Wednesday, March 28, 2012

(Audio) Book Review: Bad Sisters

By Becky Gulc

Last December, I was lucky enough to win an audio-book copy of "Bad Sisters" by Rebecca Chance on Facebook. I hadn’t read any of Rebecca’s novels previously, and I hadn’t listened to an audiobook since I was a child! I was definitely intrigued to see whether I would enjoy an audiobook as much as the ‘real’ thing. So this review is as much about my experience of an audiobook as well as the story itself.

I recently got an iPod shuffle; thanks to a few technical hitches (i.e. I couldn’t stop it from shuffling!) I enjoyed some early chapters of this novel several times over; it definitely gave me a solid grounding in the three very different sisters involved in this novel even if I wasn’t quite sure where I was in the story! I soon transferred the files over to a walkman instead and started again! I listened to the 16 hours or so of audio when I was walking my dog, working out at the gym, walking to and from work and traveling on trains. I probably looked a bit strange at times as I definitely smiled a lot. There was a moment when I was sitting on a train during a particular scene in the book and had to look around to check no one could hear or see what was probably a blushing face. In this respect, let me just say that the audiobook warns of saucy content, and it definitely delivers on that front!

So what’s it all about? Here’s the synopsis:
‘Three ambitious, rivalrous sisters. And a deadly secret, which one of them is determined to keep buried at any cost ...Deeley is the fake wife of a Hollywood TV hunk, who is secretly gay. But Deeley's five-year contract is up, and his cut-throat publicist wants Deeley out. So, dejected and penniless, Deeley wends her way home to London, hoping to re-establish links with her two estranged elder sisters ...Devon is married to the nation's-favourite-rugby-hunk Matt, and has her own highly successful TV career, as the sexy hostess of her own cookery show. But behind her buxom facade, Devon is lonely and frustrated, and when a live celebrity cook-off shows her up as a fraud, she leaves sweet Matt and runs off to Tuscany, to learn a few lessons - not just in cookery - from an Italian master. Lastly, there's Maxie: a politician's wife, Maxie is fiercely ambitious. She's furious when Deeley, hard on her luck, sells the sisters' childhood story to a tabloid newspaper, revealing their impoverished roots and unsavoury parentage. The story undermines Maxie's carefully cultivated image, and the fallout threatens to be devastating. But Maxie is only too aware that there is much more Deeley could yet reveal. What murderous secret lies in the sisters' past? And just how far will Maxie go to keep it buried?’ (Courtesy of Amazon.)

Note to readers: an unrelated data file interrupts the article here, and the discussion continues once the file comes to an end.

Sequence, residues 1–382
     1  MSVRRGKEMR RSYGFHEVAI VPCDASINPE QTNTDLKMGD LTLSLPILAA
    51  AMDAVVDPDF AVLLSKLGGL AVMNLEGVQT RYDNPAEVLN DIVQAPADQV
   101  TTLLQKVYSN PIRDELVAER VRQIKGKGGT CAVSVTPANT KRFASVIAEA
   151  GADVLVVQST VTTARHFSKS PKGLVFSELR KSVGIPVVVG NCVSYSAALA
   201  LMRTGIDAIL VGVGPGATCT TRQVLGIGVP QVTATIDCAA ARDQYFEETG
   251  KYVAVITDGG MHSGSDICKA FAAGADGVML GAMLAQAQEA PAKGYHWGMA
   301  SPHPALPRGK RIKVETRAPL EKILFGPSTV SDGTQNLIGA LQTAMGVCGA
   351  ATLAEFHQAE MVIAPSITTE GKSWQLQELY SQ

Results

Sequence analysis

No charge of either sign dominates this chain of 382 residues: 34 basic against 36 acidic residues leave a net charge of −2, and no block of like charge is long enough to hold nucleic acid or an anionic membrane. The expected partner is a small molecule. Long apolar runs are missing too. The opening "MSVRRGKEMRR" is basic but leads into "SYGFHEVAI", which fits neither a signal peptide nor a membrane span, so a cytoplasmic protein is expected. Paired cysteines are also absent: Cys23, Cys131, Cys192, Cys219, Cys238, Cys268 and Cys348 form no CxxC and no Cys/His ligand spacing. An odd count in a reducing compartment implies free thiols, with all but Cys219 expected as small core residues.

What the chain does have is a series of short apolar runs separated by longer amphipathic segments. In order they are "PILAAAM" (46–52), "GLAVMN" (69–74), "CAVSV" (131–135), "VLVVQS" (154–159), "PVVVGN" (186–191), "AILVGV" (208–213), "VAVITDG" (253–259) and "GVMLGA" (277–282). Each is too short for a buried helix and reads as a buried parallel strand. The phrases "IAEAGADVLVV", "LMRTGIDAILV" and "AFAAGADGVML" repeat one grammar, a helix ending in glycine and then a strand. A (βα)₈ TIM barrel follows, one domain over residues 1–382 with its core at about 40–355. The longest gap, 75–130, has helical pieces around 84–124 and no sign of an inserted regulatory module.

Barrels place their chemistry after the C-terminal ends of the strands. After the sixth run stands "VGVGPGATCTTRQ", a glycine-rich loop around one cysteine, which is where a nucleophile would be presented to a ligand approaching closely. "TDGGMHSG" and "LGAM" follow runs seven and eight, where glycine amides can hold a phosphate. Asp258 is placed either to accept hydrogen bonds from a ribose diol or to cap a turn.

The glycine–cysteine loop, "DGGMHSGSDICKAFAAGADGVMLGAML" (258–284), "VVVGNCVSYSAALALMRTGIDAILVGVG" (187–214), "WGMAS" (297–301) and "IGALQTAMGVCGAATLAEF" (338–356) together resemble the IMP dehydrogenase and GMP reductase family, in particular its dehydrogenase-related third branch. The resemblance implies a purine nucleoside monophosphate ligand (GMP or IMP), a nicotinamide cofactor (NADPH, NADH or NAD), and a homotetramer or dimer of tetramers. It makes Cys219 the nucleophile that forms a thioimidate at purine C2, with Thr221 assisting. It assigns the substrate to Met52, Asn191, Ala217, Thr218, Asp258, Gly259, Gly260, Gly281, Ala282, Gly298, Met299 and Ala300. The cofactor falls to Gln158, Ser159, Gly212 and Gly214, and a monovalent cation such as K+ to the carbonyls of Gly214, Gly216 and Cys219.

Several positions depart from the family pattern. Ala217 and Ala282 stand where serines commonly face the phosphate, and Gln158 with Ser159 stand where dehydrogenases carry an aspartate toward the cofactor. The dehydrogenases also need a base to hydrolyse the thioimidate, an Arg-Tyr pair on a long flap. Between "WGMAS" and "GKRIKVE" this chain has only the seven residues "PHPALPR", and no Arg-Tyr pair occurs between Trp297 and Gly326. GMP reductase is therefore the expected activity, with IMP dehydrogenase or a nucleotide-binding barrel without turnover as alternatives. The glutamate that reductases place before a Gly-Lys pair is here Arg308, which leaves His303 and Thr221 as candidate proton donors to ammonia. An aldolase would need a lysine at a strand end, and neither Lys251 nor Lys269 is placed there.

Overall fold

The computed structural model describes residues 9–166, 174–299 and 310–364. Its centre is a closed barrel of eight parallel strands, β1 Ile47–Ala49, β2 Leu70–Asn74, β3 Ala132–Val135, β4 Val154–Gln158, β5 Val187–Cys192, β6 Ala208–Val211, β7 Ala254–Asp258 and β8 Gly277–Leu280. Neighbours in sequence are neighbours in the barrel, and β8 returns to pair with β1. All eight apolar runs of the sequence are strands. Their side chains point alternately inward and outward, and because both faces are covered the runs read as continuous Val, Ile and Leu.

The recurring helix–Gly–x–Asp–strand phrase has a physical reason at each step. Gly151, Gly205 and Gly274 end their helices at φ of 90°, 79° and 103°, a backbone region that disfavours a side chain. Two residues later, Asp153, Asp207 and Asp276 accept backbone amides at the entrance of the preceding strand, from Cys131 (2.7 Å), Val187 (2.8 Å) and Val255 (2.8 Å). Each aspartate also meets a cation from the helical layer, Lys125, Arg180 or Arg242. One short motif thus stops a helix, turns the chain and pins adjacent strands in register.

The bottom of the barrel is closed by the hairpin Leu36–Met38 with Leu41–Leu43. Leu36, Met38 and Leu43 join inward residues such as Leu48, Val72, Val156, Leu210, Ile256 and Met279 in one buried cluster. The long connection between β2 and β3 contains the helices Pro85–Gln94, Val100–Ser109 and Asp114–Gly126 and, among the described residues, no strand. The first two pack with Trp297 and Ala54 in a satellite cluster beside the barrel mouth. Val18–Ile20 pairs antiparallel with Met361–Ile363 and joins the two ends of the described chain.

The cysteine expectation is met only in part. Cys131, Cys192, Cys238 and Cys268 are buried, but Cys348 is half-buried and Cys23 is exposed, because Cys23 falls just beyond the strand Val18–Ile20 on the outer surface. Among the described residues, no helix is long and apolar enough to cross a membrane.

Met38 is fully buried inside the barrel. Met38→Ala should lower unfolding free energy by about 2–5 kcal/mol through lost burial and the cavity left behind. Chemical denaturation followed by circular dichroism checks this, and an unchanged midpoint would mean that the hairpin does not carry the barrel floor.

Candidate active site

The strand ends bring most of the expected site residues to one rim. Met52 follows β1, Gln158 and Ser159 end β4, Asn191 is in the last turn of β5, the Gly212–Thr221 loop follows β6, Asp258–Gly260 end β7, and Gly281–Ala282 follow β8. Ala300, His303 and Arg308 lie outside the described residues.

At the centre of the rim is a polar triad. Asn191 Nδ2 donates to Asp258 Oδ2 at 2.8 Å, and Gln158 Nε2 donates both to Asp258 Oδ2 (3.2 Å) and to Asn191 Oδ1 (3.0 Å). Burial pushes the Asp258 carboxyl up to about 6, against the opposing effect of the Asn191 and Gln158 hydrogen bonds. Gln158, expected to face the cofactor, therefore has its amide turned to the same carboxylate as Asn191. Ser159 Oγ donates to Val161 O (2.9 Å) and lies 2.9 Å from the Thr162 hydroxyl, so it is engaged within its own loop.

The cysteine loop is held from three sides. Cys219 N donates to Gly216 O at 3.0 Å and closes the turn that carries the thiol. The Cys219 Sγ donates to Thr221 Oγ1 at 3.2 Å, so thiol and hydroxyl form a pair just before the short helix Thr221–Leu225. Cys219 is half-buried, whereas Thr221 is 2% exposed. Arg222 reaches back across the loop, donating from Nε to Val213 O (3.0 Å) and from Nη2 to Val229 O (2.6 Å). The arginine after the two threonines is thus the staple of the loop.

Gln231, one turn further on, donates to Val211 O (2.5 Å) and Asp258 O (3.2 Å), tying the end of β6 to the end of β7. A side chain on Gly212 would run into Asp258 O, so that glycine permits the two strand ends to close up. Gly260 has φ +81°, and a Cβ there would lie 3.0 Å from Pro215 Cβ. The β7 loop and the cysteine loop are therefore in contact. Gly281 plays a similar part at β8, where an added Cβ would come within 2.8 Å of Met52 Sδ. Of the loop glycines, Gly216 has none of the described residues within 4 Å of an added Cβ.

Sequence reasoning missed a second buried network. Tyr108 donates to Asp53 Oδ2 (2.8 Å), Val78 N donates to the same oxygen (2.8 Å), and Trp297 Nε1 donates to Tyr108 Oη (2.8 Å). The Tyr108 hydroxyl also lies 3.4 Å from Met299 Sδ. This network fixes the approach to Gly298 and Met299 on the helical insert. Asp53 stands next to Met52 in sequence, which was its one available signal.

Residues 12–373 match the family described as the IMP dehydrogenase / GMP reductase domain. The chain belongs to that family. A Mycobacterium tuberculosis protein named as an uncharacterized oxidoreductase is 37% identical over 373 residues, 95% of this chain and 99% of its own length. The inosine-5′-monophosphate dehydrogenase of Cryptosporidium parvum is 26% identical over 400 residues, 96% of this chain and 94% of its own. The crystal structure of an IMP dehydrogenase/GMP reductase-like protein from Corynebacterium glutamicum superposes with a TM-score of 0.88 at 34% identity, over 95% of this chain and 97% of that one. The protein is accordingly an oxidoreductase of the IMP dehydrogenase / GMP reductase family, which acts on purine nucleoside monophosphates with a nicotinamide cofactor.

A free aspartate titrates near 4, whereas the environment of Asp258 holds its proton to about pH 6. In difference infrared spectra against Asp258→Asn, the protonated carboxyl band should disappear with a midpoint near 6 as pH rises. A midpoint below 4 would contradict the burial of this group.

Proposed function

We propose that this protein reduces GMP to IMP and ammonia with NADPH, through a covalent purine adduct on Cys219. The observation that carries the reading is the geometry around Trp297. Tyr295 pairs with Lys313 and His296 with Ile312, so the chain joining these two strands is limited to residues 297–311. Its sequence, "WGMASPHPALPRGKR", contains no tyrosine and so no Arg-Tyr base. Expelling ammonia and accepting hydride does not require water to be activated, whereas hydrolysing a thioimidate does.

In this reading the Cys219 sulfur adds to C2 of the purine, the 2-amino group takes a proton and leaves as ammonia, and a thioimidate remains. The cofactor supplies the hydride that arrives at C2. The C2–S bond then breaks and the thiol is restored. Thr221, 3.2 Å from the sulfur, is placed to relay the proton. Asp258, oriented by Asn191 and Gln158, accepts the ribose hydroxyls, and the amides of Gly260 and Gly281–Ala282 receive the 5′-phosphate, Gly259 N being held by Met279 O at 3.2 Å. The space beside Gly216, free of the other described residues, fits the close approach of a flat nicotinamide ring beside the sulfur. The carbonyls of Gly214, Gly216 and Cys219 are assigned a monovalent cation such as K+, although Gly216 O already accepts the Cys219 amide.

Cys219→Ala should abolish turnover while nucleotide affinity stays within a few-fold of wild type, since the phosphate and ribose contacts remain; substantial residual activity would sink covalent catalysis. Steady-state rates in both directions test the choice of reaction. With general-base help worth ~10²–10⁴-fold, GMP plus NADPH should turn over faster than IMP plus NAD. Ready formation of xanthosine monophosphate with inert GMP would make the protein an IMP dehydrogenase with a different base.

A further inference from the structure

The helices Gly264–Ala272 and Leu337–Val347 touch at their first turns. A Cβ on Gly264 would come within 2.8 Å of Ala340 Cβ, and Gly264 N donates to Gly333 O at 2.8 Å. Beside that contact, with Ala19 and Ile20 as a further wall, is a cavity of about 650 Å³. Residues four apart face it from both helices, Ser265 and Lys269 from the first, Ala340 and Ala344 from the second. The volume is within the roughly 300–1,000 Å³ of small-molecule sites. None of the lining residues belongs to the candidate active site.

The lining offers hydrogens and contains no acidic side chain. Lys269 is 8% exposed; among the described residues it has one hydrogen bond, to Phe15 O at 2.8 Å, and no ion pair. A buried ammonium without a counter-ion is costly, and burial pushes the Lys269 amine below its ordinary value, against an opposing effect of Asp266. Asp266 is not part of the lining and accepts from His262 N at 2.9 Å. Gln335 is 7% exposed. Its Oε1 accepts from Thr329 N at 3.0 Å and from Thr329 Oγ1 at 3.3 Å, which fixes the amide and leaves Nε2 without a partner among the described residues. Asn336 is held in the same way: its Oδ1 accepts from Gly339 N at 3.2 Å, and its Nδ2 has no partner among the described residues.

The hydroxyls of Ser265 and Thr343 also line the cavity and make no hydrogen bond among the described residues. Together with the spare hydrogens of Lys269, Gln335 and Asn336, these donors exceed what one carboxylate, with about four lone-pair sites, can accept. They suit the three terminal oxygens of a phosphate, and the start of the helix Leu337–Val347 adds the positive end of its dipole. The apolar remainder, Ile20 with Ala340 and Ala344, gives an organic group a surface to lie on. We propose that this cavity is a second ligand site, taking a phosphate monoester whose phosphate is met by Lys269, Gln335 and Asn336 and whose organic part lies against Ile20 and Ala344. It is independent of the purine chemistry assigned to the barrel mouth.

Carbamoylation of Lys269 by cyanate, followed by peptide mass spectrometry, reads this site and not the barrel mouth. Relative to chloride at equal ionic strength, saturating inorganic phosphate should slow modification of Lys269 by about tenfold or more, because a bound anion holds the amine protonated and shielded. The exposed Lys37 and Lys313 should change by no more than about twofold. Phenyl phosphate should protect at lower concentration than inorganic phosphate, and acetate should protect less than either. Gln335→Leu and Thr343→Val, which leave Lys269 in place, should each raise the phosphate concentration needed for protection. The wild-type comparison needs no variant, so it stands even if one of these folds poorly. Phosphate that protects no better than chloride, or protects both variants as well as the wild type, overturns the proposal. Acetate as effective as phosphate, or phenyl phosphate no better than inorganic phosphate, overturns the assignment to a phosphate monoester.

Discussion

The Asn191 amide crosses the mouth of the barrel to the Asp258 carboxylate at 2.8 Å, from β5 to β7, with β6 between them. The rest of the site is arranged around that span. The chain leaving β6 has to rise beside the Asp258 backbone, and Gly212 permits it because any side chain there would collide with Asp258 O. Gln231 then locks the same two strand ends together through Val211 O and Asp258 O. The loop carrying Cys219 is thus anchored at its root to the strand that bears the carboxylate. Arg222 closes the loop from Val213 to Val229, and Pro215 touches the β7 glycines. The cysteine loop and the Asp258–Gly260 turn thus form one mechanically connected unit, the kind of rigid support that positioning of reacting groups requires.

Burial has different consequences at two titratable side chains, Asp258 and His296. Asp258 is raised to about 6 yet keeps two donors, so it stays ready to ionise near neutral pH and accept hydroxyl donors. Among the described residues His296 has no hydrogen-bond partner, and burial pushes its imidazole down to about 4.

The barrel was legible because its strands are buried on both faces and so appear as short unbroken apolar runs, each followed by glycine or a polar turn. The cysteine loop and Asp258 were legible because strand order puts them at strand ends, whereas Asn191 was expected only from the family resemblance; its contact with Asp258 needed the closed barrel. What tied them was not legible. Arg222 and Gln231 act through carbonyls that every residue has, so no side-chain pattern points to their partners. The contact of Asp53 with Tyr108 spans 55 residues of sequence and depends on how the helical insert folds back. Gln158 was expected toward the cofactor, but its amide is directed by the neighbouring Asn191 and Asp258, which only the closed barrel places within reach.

The story switches between each of the three sisters' viewpoints and the book is cleverly interjected with scenes from the past every so often, so you build up a better understanding of the ‘deadly secret’ the further you get through. The three sisters' lives and characters were all so different and all very lavish, which allowed me to enjoy the escapist nature of the book. I also got lost in each character’s story to the point where I’d sometimes forget the ‘secret’ and yet when I was reminded of it, I was pleased that there’s an intriguing mystery that is going to come to a head at some point and I did find it gripping when it did.

I think the story is designed to be a bit tongue in cheek and even though none of the sisters are that likeable as people and don’t have very high moral standards, I thoroughly enjoyed it. There’s plenty of lust in this book, and a fair amount of following that up too. It also gave a sense of how the ‘secret’ has impacted on each of the sisters and shaped who they have become as adults. I enjoyed how this aspect of the novel was explored, particularly with Devon.

The audio book is narrated by actress Lisa Milne Henderson (also Rebecca’s sister). Although I can’t compare the delivery to other audio books, I loved it. The accents were great (and there are a fair few in there) and the different character voices were distinct. The pace was also just right. Lisa held my attention throughout which, I guess, is key when I could easily have been distracted by whatever my eyes were looking at!

Overall, I loved this book. It's definitely for those who enjoy a ‘bonkbuster,’ but the characters are so well written, I wouldn’t want to confine it to this description alone. I’d definitely pick up another Rebecca Chance novel. Would it be an audio version? Maybe, although I quite enjoy listening to the birds again on my walks for now.

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